Building schools means building community

By Chris Carrel, Thinking Locally

I know it’s Federal Way Public Schools levy time, but allow me to go off-topic and talk about a school funding campaign already past: The $149 million school construction bond.

This is important now because the design and construction phase is just getting under way. Over the next five years, the school district will build four replacement elementary schools, a new Lakota Middle School and a new kitchen and maintenance services facility. That’s the sound of your community’s infrastructure getting a serious upgrade. This will be great for students and also a significant enhancement of the community.

Before starting on the bond, just because this isn’t about the levy, I’m not advocating complacency there. Bonds buy buildings, levies buy books. The levy will replace the current levy and continue existing state funding for classrooms. There will be no increase to tax rates and our kids deserve no less than a community thumbs up on Feb. 19.

In the past, I’ve written about the district and its responsible management of taxpayers’ money. With the previous construction bond, the district built a new middle school and high school and remodeled Federal Way High, and brought all projects in on time and under budget. The new schools — Todd Beamer High School and Sequoyah Middle School — were built for substantially less than new schools built in other districts. What’s more, both buildings include environmentally sensitive, green building designs that reduce their environmental footprint and result in healthier buildings for students.

One of the tools the district uses to guide building design and construction is a citizens committee known as the Facilities Oversight Committee, of which I am a new member. The committee, which includes parent volunteers, construction professionals and school facilities experts, is charged with helping keep the projects on time and under budget as well as general troubleshooting.

What’s become clear to me through the committee is just how important these new buildings are. First off, the replacement buildings will do today’s students a world of good. The buildings to be replaced are old, inefficient and unsuitable to today’s academic demands. Lakota and the four elementary schools are boxy buildings with boxy fixed classrooms that belong to another era (think early Beatles). These buildings and classrooms dictate a specific pedagogical style and limit classroom flexibility in the Internet Age (let alone the impossibility of wiring them for the Internet Age).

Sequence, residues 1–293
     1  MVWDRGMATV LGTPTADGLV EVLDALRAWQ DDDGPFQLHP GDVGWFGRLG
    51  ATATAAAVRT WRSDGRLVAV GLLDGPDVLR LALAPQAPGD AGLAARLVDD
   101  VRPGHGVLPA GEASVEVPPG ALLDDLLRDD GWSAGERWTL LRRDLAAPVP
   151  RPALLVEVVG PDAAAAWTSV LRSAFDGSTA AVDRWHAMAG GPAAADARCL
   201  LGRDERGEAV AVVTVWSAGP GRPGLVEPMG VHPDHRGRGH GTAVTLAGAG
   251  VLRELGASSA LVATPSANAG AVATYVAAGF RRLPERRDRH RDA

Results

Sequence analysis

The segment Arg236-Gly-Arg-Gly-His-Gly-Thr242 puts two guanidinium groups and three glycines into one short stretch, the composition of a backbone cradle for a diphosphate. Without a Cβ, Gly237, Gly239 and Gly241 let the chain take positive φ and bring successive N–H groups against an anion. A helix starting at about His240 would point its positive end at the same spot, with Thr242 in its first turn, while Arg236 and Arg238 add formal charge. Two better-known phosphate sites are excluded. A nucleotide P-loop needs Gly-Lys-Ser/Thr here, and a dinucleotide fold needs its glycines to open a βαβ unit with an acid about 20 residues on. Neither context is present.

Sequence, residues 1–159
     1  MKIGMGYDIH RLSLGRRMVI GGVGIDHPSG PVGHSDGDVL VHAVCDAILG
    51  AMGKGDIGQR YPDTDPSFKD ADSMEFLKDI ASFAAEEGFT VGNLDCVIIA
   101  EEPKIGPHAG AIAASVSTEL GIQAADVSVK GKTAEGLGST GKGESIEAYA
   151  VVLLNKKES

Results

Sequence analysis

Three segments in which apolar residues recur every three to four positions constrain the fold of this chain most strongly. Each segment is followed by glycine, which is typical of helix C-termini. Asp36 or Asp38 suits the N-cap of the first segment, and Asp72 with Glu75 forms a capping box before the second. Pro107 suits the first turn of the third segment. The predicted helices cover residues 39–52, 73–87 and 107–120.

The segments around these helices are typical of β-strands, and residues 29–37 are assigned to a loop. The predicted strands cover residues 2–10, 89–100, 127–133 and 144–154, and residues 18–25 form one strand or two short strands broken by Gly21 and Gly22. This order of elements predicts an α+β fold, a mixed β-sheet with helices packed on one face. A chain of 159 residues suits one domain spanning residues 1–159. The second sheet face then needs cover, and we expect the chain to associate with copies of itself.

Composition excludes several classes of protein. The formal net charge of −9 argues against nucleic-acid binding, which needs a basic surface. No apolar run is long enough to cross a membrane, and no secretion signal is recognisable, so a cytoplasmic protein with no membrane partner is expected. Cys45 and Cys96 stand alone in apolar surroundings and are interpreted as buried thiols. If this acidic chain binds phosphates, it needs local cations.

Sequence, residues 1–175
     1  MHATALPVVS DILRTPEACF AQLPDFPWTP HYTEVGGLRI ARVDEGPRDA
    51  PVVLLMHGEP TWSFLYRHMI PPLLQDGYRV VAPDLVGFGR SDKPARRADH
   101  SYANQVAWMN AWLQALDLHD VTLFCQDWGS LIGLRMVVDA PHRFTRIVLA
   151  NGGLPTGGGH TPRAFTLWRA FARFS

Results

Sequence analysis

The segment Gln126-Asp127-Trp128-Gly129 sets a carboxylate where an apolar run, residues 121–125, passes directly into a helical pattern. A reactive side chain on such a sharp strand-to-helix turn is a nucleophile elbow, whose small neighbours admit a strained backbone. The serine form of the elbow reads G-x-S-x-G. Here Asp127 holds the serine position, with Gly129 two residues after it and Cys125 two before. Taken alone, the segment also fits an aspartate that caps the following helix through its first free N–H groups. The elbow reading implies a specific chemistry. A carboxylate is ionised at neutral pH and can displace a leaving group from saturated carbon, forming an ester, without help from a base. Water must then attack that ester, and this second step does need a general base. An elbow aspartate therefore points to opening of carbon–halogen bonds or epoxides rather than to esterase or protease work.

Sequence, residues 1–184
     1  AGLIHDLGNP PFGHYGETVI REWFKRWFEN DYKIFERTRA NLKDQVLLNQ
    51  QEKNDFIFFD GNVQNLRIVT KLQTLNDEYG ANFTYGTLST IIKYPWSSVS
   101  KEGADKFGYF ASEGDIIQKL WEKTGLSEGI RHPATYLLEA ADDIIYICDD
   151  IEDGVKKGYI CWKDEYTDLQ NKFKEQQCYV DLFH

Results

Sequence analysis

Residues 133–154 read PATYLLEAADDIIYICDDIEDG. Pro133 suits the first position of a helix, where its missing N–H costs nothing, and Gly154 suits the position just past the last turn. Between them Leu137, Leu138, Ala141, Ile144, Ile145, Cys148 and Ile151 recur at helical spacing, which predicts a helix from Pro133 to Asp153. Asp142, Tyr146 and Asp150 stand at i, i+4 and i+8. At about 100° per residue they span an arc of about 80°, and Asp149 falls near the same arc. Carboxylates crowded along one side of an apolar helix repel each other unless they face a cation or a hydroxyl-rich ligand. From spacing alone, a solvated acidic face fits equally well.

From a maintenance perspective, trading buildings with leaking roofs, aging wiring and other age-related infirmities for modern structures will result in significant maintenance savings that will be available for other priorities.

But there’s more than just the benefit to kids. The school district’s infrastructure is our public infrastructure, and building new school structures is also building community.

Our schools serve a dual purpose as public parks to one degree or another. In my neighborhood, Adelaide Elementary and Lakota Middle School are primary recreation sources for bike riding, dog walking, jogging and sports. All of our schools, to one extent or another, provide athletic field space to organized youth and/or adult sports leagues. The new elementary schools — Valhalla, Panther Lake, Lakeland and Sunnycrest — will significantly upgrade the playground and athletic field resources.

At Lakota, which is adjacent a heavily used city-owned park that is long overdue for renovation, there is a huge potential for the city and the district to collaborate on the site improvement.

I expect that the new buildings will include some of the latest techniques and technology in low-impact development and green building design. Federal Way is one of the first school districts to build under the Green Building law passed by the 2007 Washington State Legislature. This presents an opportunity to pioneer cost-effective methods for environmentally responsible school construction. At Lakota, with the adjacent wetland, there will be opportunities to incorporate environmental learning opportunities that boost science programs there.

And by the way, if you’re not convinced of the value of green building techniques, I’d encourage you to compare the interior of Lakota Middle School with the newer Sequoyah. While Lakota feels like an institution, with its long hallways and artificial light, Sequoyah is open and full of natural light and actually feels like a place of learning.

The spending of the current construction bond represents a rare, massive infusion of capital into the community. Thanks to Superintendent Tom Murphy’s leadership, as well as excellent district staff and volunteers like the Facilities Oversight Committee, I know the money will be spent well and result in excellent and attractive new school buildings and campuses.

Stay tuned on this. There will be public meetings as the design process moves forward. In the meantime, don’t lose sight of the Feb. 19 levy.

Chris Carrel is executive director of the Friends of the Hylebos and a parent of students in the Federal Way Public Schools. The views expressed here represent his personal views and do not represent the views of the Friends of the Hylebos. E-mail: chinook@hylebos.org.

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